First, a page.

indifférence

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indifférence

 [ă-de″fa-rahns´] (Fr.)
indifference.
la belle indifférence an inappropriately complacent attitude towards their condition and physical symptoms, seen in patients with conversion disorder.
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Dashwood could spare them perfectly well; and Elinor, who now understood her sister, and saw to what indifference to almost every thing else she was carried by her eagerness to be with Willoughby again, made no farther direct opposition to the plan, and merely referred it to her mother's decision, from whom however she scarcely expected to receive any support in her endeavour to prevent a visit, which she could not approve of for Marianne, and which on her own account she had particular reasons to avoid.
He was quite good-tempered, a little amused, but his indifference was obvious.
Her manner towards me had been altered ever since I had begun to treat her with hardness and indifference: she almost cringed to me on every occasion; she consulted my countenance incessantly, and beset me with innumerable little officious attentions.
"Absolute indifference," he declared promptly, "unless--"
The tone of indifference in which he expressed his gratitude piqued Francine.
"It is of no consequence," I said, accompanying the words with a gesture of the most utter indifference; "give me the grand total, please."
There was a vacancy in the looks of Charlotte, during the scientific execution of the different individuals who had been labouring at the several instruments in the course of the evening, that denoted a total indifference to the display.
I can't wait here any longer." He walked out of the room, having deliberately returned the contemptuous indifference of Hardyman by a similar indifference on his own side, at parting.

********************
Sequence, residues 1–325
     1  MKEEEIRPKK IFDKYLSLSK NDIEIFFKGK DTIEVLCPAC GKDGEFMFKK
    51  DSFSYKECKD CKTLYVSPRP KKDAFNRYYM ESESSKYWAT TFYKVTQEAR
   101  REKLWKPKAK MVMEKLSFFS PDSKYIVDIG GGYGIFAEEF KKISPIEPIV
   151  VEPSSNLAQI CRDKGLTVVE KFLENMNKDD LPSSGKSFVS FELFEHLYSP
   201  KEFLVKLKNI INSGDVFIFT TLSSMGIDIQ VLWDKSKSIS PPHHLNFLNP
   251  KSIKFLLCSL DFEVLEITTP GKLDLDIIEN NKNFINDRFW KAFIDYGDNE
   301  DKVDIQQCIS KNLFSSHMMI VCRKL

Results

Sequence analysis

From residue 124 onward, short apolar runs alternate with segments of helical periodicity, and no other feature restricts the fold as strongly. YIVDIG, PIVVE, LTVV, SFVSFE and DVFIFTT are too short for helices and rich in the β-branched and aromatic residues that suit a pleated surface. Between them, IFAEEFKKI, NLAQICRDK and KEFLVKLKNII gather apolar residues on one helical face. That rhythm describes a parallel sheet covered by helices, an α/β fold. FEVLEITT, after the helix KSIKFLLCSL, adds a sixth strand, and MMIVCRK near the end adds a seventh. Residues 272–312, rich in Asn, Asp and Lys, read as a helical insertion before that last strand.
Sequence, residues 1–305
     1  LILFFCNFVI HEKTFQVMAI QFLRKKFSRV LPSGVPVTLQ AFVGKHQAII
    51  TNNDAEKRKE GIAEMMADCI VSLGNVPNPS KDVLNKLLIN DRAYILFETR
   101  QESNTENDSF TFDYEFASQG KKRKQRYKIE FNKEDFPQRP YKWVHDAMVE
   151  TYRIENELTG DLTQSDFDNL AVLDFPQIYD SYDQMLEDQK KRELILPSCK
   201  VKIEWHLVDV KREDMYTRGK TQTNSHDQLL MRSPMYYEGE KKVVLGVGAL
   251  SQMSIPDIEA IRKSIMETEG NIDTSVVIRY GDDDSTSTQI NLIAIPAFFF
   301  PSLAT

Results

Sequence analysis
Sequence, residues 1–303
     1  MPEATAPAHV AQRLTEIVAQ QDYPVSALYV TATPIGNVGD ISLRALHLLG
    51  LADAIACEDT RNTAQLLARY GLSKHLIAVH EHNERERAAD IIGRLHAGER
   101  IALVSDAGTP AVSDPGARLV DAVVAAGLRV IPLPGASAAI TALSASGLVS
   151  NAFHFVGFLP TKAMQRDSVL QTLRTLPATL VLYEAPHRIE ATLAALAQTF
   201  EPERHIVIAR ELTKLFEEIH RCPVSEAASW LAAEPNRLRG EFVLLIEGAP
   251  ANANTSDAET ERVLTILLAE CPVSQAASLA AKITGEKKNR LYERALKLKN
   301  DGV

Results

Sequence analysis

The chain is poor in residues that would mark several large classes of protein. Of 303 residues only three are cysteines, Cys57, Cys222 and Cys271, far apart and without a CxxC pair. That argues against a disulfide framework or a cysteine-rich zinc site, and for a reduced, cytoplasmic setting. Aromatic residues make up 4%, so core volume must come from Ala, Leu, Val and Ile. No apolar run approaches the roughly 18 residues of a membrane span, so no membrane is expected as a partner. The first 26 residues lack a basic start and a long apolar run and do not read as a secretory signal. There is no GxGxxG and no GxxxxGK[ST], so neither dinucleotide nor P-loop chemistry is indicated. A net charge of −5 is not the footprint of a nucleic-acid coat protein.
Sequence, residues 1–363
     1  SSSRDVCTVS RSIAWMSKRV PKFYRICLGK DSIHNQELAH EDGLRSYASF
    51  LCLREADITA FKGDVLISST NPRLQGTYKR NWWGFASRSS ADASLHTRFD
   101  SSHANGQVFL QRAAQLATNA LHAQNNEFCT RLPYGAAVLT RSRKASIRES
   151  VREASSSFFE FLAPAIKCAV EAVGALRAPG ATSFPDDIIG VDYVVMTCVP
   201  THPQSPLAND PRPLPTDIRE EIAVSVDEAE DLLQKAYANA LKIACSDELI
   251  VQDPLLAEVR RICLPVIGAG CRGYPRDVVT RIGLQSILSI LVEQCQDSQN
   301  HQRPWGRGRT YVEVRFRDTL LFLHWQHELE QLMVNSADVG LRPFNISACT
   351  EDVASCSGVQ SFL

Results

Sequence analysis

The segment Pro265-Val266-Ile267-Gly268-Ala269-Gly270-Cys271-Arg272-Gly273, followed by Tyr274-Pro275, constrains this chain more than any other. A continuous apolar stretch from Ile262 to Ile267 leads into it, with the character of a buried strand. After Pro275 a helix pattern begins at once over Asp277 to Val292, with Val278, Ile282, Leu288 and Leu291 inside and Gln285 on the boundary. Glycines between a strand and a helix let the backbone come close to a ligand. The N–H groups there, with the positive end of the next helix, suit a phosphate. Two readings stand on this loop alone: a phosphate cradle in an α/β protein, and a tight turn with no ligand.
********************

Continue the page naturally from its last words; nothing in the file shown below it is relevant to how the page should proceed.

The former of these teaching the folly and vanity of it, and the latter correcting it as unlawful, and at the same time assuaging it, by raising future hopes and assurances, which enable a strong and religious mind to take leave of a friend, on his deathbed, with little less indifference than if he was preparing for a long journey; and, indeed, with little less hope of seeing him again.
Aramis darted a look at Porthos, as if to ask if all this were true, if some snare were not concealed beneath this outward indifference. But soon, as if ashamed of having consulted this poor auxiliary, he collected all his forces for a fresh assault and new defense.
A little extra paleness, a little tension of the nostril when he spoke, and the voice pitched in rather a higher key, that to strangers would seem expressive of cold indifference, were all the signs Philip usually gave of an inward drama that was not without its fierceness.
"You save yourself something--I don't know what--but there is some selfish motive, and in sparing yourself you never consider for a moment what I think, or how I feel your neglect and indifference. I suppose this is what you would call unwomanly; but I have got into a habit of expressing myself.